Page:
For all the imput! Greatly appreciated! I wouldn’t be kayaking alone or mouting the kayak on top of my car by myself. So the weight of the kayak in that perspective is not important. I guess what worries me the most when purchasing a kayak is not paddling with ease. When I went kayaking last year, I loved it, but, I was in a tandem SOT kayak with my partner and moved TERRIBLY slow. I don’t want to purchase a kayak that takes so much effort to move. A person in a sit in yak flew by us, and was paddling with ease. For my height and weight, i’m nervous longer and heavier kayaks may have a disadvantage as far as speed goes. Am I wrong?

Third go to canoe-ect

– Last Updated: Jan-31-12 5:20 PM EST –

Frankly, you are tiny. Just about everything you are likely to look at to start will turn out to be too wide for you if you want to get more aggressive. So stay cheap on the first boat, get a beater that'll get you onto the water and you don't mind scratching up.

You are on the right track about getting a good paddle. Spend the bucks to get a light paddle to start. Your upper body will thank you.

Later add about the longer boat - while it may be out of your budget right now, sitka below has a point. At 5'1" tall, most of the boats that are really narrow enough for you are likely to be longer than you are looking right now. Beginner boats are usually tweaked to provide quite reassuring stability for new paddlers who are greatly concerned about this. As a result they are quite wide. You aren't (wide).

So again, get as narrow as you can in your price group, see if you can score something with two bulkheads and deck rigging, and find some folks to paddle with so you can get into their boats. You'll find kayakers are usually quite good about letting people try their boats.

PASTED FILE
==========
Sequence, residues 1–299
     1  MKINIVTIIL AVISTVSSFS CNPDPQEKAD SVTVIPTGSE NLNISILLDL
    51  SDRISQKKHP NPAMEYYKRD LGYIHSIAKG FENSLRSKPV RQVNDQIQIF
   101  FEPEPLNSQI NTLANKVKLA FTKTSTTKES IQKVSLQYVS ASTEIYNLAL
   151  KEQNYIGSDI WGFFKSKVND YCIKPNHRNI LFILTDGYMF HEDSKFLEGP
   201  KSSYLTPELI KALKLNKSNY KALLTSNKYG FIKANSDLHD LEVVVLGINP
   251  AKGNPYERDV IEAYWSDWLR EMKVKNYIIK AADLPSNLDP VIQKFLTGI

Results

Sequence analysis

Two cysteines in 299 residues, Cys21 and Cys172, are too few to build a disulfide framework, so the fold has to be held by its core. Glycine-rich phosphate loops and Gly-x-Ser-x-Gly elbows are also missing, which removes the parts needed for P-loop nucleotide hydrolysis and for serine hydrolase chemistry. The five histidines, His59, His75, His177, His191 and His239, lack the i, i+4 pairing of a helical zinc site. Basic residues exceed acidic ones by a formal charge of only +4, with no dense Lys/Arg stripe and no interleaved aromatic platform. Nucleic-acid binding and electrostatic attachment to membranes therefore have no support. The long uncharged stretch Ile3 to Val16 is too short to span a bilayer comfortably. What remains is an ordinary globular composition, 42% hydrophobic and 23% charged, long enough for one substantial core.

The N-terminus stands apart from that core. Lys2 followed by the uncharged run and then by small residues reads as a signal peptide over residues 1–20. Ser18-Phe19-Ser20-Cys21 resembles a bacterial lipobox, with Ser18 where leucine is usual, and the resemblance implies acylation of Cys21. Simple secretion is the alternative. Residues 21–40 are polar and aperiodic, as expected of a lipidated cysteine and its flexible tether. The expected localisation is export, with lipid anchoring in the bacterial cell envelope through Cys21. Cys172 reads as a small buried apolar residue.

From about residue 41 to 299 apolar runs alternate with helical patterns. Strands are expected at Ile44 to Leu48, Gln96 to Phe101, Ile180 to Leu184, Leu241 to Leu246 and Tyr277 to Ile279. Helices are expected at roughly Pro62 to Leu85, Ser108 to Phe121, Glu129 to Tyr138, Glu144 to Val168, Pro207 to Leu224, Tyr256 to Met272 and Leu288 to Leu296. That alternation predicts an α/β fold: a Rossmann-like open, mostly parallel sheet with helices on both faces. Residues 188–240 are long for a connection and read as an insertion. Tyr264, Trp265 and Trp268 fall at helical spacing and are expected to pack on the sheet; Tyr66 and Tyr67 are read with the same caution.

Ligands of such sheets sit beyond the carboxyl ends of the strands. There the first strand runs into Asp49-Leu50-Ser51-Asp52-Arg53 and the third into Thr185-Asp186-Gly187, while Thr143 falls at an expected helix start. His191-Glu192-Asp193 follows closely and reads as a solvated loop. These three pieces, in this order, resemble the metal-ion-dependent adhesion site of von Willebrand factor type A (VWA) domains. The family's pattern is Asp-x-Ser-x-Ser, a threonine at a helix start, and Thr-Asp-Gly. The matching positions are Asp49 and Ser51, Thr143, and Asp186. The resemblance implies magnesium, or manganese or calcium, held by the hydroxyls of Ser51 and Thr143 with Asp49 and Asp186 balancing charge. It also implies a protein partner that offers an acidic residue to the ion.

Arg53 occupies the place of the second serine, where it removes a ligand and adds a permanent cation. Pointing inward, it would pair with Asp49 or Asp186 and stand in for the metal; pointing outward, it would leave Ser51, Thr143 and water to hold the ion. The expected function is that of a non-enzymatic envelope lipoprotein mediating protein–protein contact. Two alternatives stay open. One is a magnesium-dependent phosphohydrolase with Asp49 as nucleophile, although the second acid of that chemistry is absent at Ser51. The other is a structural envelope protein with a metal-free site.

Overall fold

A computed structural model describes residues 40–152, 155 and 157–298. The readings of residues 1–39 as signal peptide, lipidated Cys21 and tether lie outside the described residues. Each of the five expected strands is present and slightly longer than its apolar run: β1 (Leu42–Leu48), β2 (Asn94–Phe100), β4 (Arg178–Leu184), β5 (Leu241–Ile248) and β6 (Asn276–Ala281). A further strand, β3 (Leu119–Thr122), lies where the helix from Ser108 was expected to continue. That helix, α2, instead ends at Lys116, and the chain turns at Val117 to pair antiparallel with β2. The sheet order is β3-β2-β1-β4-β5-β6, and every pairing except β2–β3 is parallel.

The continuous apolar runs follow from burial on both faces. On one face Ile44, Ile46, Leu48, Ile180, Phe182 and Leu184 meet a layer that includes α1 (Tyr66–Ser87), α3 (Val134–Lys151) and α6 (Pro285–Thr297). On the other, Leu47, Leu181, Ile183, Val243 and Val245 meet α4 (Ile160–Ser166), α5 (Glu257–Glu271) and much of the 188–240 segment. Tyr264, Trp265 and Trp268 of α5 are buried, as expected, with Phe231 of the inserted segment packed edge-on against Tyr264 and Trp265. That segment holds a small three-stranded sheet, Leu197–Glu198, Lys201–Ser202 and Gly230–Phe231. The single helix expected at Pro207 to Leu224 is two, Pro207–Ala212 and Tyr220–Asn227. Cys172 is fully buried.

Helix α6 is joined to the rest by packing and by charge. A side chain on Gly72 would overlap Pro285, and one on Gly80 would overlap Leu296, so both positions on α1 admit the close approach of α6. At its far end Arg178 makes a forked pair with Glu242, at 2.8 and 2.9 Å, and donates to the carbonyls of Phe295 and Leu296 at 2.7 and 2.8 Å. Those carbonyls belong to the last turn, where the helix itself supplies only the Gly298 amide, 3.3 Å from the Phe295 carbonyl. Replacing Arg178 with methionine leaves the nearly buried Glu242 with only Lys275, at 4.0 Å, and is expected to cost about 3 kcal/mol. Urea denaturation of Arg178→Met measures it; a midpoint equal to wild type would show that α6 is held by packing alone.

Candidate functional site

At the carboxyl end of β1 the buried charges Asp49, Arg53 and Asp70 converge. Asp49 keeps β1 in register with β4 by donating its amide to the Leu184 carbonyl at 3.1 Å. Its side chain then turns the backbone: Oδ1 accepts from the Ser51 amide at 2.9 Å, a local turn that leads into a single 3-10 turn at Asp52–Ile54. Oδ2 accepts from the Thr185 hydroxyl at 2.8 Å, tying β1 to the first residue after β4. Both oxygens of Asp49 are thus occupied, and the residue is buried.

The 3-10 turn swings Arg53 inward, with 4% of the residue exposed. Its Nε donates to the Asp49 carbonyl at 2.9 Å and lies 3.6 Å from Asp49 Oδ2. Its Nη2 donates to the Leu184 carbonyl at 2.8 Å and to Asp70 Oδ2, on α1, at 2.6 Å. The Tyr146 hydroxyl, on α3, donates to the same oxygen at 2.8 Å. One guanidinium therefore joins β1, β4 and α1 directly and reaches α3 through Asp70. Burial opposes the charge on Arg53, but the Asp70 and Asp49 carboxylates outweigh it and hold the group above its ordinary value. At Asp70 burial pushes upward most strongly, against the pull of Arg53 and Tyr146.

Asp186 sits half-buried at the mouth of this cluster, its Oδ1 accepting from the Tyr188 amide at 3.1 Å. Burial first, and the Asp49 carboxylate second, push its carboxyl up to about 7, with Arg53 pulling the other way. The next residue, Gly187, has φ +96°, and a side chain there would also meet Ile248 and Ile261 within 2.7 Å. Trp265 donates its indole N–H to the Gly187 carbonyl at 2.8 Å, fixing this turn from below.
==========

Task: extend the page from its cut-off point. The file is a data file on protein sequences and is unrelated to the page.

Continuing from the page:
Different direction…
Be honest with yourself about what you plan to do vs. where you think your interests will take you. Many people get a “beginner boat” only to become very frustrated with it. Even though you say it’s not what you’re after I would encourage you to move more towards a boat in the 16’ area. It’ll be fast enough to not frustrate you and allow you to grow into it.

Before you dismiss a larger boat out of hand due to your size I will say that I know several very small women who paddle boats of this size and are much happier as now they can keep up with a group, have room for gear and the larger boat has allowed their skills to develop with their equipment not being a limiting factor.

Since all of this gear is expensive, try boats out before you buy them and try them in a variety of sizes.

Good luck!

For your size, 12’-14’ sounds like a good length, but it shouldn’t be too wide. You should definitely ask about boats designed for smaller people, both women and kids. For example, a 12’6" CD Kestrel at 28" wide could carry a 200+ pound guy, but would be a barge for you.

I think the suggestions above to go longer, say 16’, are a mistake. Drag, and so paddling force required, is proportional to surface area of the boat in the water. Longer boats have more wetted surface and are harder to paddle, particularly for smaller people. Tracking depends on length to width ratio and hull design, so a short boat that is relatively narrow and designed well will track fine. I have a 13’9" by 23" boat that tracks amazingly well and glides forever because the drag is so low.

Here’s a good discussion of the trade offs in kayak design, it’s helpful for deciding what you want in a boat. I wish I’d read it before I bought my first kayak, a 17’ boat that I never paddle any more.


Drag at what part…
It’s not just about the power to start a boat up, but how much effort it takes to keep it going once you are there. My Vela gets going very quickly, but starts to set up a bow wake somewhere over 4 knots. If I can get my other, too-big, boat up to there (Explorer LV), it hasn’t set up that bow wake yet. So while someone could measure things a likely prove I was expending a good bit of energy, it wouldn’t be in a direct relationship to the over 2 foot diff in length between the two boats.

Not a dissimilar diff between my husband’s Nordkapp LV and the Aquanaut. The Aquanaut gets easier to paddle (per Sea Kayaker tests as I recall) at some higher speeds where initially faster boats start to plow water and get more drag.